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After nuclear weapons, Turkey, Pakistan and China bond on Afghanistan

For Turkey, an entrenchment in Afghanistan will turn Kabul into a springboard for forays into broader Central Asia—a resource rich region with which Ankara shares deep seated cultural and linguistic ties (Image courtesy: US Department of Defence)

Turkey and Pakistan, in partnership with China, are working together to exercise dominance over Afghanistan in anticipation of American withdrawal from the strife-torn nation, often known as the “graveyard of empires”.

In its major expose, the website greekcitytimes.com points to the crucial end-of-March visit to Turkey by Pakistan’s Chairman of Joint Chiefs of Staff Committee (CJCSC), General Nadeem Raza, to put together the pieces of the jigsaw puzzle to dominate the region. Gen. Raza visited Turkey from March 27-April 2, the web portal reported.

The visit fused with Turkey’s growing ambition to revive its Ottoman empire dreams, which include regaining its cultural hegemony in the Turkic region of Central Asia, and Afghanistan. Separately, in the Levant, Turkey’s President Recep Tayyip Erdogan, wants to fulfil his revivalist neo-Ottoman ambitions by rolling over Syria, relying on well-trained Jihadi fighters, backed by the Turkish military for relentless subversion.

Also, the area known as Hejaz, now part of Saudi Arabia where Islam’s two holy mosques are located is also on Erdogan’s radar—an aspiration which is bound to re-craft the map of West Asia and North Africa that emerged after World War I. 


Turkey’s Chief of General Staff, General Yaşar Guler, hosted Gen. Raza at the Turkish General Staff Headquarters on March 30.

Gen. Raza’s visit follows the December 22-23 apex meeting of the Turkey-Pakistan High Level Military Dialogue Group (HLMDG), led by Pakistani Defence Secretary Mian Muhammad Hilal Hussain, where nuclear weapon collaboration was on the cards.

“Erdogan has already aired his obsession about developing the ‘Caliphate atom bomb’ to fulfil his neo-Ottoman aspirations. China and Pakistan have been facing charges of illegal sale of missiles and creating a clandestine proliferation market.”

Four major themes were discussed to fulfil the broader strategic goals of Turkey, Pakistan and China during Gen. Raza’s visit.

Afghanistan, undergoing a major transition, marked by extreme political fluidity was a top item on the agenda. This is an area where the interests of Turkey, Pakistan, and China strongly converge. For Turkey, an entrenchment in Afghanistan will turn Kabul into a springboard for forays into broader Central Asia—a resource rich region with which Ankara shares deep seated cultural and linguistic ties.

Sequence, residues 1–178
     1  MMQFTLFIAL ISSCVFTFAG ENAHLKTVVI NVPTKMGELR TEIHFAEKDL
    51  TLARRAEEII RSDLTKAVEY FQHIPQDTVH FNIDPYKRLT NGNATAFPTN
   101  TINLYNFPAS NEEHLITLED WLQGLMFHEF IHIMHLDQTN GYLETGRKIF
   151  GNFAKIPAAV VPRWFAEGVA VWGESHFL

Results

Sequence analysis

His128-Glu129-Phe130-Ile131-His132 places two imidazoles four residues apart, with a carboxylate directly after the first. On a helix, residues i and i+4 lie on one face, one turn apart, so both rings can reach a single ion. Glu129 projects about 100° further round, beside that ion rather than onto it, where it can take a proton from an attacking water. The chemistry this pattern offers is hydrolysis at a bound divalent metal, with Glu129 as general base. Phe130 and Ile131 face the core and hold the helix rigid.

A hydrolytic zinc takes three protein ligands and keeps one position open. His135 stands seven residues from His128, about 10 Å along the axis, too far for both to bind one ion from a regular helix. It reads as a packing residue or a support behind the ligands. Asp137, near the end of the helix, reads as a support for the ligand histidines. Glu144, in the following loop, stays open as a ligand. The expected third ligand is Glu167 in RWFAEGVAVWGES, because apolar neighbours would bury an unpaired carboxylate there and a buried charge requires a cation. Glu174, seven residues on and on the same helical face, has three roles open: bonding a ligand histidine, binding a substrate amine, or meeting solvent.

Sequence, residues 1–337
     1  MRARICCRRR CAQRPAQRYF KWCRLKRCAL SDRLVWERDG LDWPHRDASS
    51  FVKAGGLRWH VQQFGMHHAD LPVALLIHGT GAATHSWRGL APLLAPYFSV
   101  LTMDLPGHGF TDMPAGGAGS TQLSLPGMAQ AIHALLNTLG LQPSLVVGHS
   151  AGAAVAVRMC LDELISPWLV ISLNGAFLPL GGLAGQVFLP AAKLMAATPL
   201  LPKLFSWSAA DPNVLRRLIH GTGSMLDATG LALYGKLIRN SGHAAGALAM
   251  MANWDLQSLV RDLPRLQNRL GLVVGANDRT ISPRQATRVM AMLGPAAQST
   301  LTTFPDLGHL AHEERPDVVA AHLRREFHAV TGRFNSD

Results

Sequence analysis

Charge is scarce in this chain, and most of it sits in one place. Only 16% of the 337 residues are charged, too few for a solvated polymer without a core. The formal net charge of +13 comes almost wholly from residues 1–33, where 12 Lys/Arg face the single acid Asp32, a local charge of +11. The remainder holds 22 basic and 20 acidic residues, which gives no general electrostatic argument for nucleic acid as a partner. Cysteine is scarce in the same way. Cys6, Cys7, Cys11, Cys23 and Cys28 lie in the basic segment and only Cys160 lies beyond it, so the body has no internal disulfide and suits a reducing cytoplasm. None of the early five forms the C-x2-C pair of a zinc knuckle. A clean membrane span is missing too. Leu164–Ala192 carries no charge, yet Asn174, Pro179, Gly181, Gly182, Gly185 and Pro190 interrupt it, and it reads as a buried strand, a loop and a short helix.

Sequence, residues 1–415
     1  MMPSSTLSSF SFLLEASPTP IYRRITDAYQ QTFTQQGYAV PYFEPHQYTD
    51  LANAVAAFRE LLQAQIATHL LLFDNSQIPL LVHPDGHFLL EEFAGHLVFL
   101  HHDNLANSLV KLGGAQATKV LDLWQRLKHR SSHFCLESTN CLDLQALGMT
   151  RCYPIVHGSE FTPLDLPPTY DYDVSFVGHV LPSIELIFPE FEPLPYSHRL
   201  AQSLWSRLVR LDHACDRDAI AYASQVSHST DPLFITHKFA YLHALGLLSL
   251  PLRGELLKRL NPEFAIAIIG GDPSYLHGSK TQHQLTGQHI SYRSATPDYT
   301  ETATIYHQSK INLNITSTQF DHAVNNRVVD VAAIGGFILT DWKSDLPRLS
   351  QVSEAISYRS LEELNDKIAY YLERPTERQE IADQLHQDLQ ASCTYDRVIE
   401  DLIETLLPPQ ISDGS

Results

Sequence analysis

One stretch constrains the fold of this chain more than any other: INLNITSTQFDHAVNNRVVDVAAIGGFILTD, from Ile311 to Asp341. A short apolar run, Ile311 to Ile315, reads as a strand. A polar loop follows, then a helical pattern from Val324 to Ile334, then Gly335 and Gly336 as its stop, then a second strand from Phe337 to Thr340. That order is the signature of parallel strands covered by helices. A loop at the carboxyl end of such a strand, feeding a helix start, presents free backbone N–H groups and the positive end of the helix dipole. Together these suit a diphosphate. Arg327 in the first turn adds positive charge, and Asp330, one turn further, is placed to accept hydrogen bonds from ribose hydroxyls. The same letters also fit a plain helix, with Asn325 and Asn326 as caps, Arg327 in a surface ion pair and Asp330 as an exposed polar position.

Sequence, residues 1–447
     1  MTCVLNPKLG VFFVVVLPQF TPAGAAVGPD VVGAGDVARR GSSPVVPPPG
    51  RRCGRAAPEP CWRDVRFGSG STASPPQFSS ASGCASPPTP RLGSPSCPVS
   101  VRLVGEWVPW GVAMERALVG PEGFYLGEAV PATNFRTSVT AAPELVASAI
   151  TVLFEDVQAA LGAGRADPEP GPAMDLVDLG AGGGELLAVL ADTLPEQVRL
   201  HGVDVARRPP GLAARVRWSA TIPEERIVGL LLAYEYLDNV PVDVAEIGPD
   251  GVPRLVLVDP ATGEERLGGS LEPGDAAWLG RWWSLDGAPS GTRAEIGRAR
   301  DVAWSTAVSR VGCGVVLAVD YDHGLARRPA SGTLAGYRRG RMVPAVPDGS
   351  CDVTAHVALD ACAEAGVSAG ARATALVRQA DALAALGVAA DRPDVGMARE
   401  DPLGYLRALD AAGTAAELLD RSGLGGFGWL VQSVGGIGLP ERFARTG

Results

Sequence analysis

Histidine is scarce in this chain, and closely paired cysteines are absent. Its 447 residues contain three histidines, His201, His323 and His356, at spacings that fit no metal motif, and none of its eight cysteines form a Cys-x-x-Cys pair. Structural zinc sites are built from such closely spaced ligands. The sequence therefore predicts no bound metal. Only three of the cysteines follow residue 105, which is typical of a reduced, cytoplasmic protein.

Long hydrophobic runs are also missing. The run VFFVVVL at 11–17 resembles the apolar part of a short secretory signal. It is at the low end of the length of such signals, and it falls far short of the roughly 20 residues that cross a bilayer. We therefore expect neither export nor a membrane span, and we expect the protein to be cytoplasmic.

For Pakistan, Turkey’ assistance is badly needed to re-acquire its “strategic depth” to counter India and Iran, and to seal a security threat from across the Durand Line.

For China, tighter control will allow the extension of the China Pakistan Economic Corridor (CPEC), to access Afghanistan’s resources including lithium, the feedstock of Beijing’s electric car revolution. It would also help prevent the seepage of Islamic extremists from Afghanistan into the Wakhan corridor, and help prevent the destabilisation of China’s strategic Xinjiang region.

Unsurprisingly, the discussions held during the meeting reveal that Pakistan wants Turkish forces to replace NATO and American forces following US military withdrawal, the article said.

Further, Pakistan also conveyed that through the help of the Haqqani Network (HQN), it has already managed to convince the Taliban to allow Turkish forces to continue their deployment as well as to send more troops to Afghanistan.

“Both of them also brainstormed on efficiently using terror organisations like Al-Qaeda, Islamic State, and HQN for creating a more conducive environment in Afghanistan for Turkey,” the website reported.

The writeup further quoted defence experts as expressing their apprehensions about Turkey’s intent to deploy Islamic State terrorists fleeing from Syria to Afghanistan.

“With this, it is expected that the Islamic State would become stronger in the country with infiltration of Syrian-based terrorists into it. Until now, it was being driven by cadres from Pakistan based terror entities deployed by Pakistani agency ISI.”

Apart from promoting Afghanistan’s return to radicalisation, the article pointed out that inclusion of Turkey as part of an expanded CPEC was also part of the discussions. 

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It spotlighted the Pakistan’s Federal Minister for Maritime Affairs, Ali H Zaidi, had earlier met the Turkish ambassador to Islamabad, Mustafa Yurdakul, to discuss Turkish entry and participation in the Port Qasim in Karachi within the ambit of CPEC. Two important deals were struck following the meeting—Turkey’s Sanmar Shipyards would deliver four LNG compatible ASD Tugs and two pilot boats to the Port Qasim Authority at a cost of $33.46 million.

Referring to China, the website, citing reports said that Beijing had become a major factor in boosting Pakistan’s air power to the next level by helping it develop a fifth-generation fighter jets, in coordination with Turkey. The trilateral nexus is also coming into fruition for developing drones, which Turkey had supplied to Azerbaijan, with telling effect, in its recent war with Armenia. 

The website highlighted that the Pakistani delegation visited the Bakyar National S/UAV Research & Development and Production Centre as its first public engagement made during Gen. Raza’s visit. He also held discussions with the General Manager of the company, Haluk Bayraktar, on assisting the Pakistani Army by transferring technology and capacity building in the production of drones.